Frontiers in Blockchain facilitates a movement of blockchain research knowledge and experience between academia, industry and the wider world. This new open-access journal is launched in collaboration with the Centre for Citizenship, Enterprise and Governance (CCEG) Think Tank and led by Olinga Ta’eed, Director, CCEG, and Christopher Clack, financial computing expert and founder of the Thomson Reuters laboratory, University College London.
Blockchain is currently a hotly debated phenomenon, infiltrating the media with stories such as the Bitcoin frenzy, upheaval of business structures and the promises and cautions of a “disruptive” technology. A large community of blockchain pioneers is developing this new technology, exploring the consequences of integrating blockchain with legacy technology and the real world, and imagining new possibilities for communities sharing data.
As a multidisciplinary open-access journal, Frontiers in Blockchain facilitates future developments by disseminating and communicating the latest scientific knowledge and impactful discoveries — both theoretical and applied — to researchers, academics, practitioners and the public worldwide.
Although financial transactions were a major driving force in the initial development of this technology, Frontiers in Blockchain launches with 6 sections, demonstrating the increasing diversity within the field. These are led by experts from across the globe, tackling the biggest debates within the sector.
Blockchain Technologies (led by George Giaglis, University of Nicosia, and Philipp Sandner, Frankfurt Blockchain Centre) investigates the systems and code maintaining the validity and security of the blockchain network, with Smart Contracts (Thomas Butler, University of Cork, and Maria Vigliotti, Sandbrooks Consulting) examining autonomous code running on blockchains and how this code is derived from legal agreements.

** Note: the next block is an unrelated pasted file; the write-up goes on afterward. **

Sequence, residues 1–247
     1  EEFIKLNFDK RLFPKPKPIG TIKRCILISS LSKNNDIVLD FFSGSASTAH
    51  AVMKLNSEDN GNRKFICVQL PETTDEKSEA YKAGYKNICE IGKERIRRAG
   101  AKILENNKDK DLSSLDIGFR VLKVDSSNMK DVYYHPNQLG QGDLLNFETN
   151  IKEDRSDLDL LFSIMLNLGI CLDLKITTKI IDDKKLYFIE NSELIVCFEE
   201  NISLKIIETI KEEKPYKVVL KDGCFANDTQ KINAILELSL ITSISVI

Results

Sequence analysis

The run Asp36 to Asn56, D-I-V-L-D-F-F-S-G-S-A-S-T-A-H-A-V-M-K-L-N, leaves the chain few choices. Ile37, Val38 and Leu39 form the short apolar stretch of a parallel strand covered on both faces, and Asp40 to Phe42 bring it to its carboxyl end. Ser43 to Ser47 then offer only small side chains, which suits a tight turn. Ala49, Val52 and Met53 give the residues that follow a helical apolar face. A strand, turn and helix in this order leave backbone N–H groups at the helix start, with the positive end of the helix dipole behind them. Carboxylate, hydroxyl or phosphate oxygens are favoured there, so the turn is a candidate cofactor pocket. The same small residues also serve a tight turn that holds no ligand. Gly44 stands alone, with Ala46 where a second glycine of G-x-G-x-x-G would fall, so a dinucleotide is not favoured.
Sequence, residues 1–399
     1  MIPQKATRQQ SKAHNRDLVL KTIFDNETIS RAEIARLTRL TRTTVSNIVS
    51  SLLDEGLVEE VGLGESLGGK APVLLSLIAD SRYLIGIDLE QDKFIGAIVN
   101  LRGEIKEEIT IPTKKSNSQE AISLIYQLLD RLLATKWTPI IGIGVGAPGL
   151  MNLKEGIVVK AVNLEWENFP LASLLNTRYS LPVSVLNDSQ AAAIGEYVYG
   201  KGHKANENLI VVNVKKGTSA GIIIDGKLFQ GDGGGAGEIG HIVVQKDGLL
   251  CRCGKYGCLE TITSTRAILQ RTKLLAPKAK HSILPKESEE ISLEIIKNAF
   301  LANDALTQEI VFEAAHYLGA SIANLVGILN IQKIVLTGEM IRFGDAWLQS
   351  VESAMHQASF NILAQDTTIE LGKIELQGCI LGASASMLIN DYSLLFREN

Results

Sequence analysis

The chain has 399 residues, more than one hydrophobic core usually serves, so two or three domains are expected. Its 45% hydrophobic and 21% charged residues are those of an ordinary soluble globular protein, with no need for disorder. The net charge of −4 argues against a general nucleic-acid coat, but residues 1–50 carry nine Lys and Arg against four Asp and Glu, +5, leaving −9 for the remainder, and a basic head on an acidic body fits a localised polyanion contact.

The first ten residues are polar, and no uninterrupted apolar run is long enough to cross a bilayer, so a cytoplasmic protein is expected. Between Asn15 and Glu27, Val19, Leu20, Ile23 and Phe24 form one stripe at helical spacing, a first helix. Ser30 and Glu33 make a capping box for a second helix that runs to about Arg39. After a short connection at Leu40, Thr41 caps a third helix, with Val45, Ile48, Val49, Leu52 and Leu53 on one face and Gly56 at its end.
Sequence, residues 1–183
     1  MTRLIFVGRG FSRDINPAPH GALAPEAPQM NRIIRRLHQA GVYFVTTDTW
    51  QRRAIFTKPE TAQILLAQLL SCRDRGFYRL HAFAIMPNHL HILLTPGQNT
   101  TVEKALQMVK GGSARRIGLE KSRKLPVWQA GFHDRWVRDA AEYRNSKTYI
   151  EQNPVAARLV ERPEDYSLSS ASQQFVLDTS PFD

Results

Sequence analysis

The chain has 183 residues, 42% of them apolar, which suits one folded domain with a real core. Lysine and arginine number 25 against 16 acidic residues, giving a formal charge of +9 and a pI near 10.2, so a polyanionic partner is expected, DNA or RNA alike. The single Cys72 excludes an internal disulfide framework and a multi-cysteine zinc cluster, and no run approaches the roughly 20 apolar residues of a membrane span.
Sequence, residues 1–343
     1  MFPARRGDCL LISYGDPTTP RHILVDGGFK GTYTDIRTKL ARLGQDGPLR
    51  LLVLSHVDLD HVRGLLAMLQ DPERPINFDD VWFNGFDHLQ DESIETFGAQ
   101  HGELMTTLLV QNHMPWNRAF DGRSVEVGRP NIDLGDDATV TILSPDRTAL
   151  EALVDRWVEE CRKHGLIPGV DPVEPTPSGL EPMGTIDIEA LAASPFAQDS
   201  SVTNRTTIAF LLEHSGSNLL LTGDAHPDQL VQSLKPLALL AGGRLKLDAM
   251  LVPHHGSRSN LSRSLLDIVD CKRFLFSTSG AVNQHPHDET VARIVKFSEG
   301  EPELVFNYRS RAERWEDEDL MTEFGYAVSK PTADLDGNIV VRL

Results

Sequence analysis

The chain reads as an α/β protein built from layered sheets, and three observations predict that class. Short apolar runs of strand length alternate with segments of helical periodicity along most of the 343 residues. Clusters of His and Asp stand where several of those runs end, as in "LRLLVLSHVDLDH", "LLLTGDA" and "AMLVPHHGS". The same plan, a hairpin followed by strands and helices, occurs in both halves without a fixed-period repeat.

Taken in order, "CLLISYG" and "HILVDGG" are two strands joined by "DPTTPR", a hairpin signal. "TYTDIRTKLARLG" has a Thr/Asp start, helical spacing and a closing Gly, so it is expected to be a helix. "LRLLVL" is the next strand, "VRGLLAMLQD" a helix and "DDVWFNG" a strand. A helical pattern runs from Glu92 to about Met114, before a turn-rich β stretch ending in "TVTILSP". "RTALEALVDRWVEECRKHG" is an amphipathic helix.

Cryptocurrencies and the frameworks they operate in are explored in Financial Blockchain (Pinar Emirdag, University College London, and Garrick Hileman, London School of Economics), while Non-Financial Blockchain (Claudio Tessone, Universität Zürich, and Massimo Bartoletti, Università di Cagliari) considers the movement of intangible assets, such as votes or intellectual property rights, and the guarantee of their provenance.
The possibilities, impacts and governance of blockchain are debated in Fourth Industrial Revolution (led by Carsten Maple, University of Warwick, and Paolo Tasca, University College London).
Blockchain for Good (Jane Thomason, University of Queensland, Glenn Parry, University of the West of England, and Richard Adams, Cranfield University) discusses its potential for innovation with a moral, ethical and responsible purpose, and explores its political, philosophical, environmental and social implications.
Field Chief Editor, Dr Christopher Clack (University College London), stresses the timeliness of Frontiers in Blockchain, “There’s a huge amount of work going on in industry, as well as in academia, and bringing the two together is really important”.
Prof Olinga Ta’eed (Centre for Citizenship, Enterprise and Governance), fellow Field Chief Editor of this pioneering new journal, sees blockchain not just as a disruption, but as a solution — applicable to problems of economy, ecology, society and ultimately humanity.
Disclaimer: AAAS and EurekAlert! are not responsible for the accuracy of news releases posted to EurekAlert! by contributing institutions or for the use of any information through the EurekAlert system.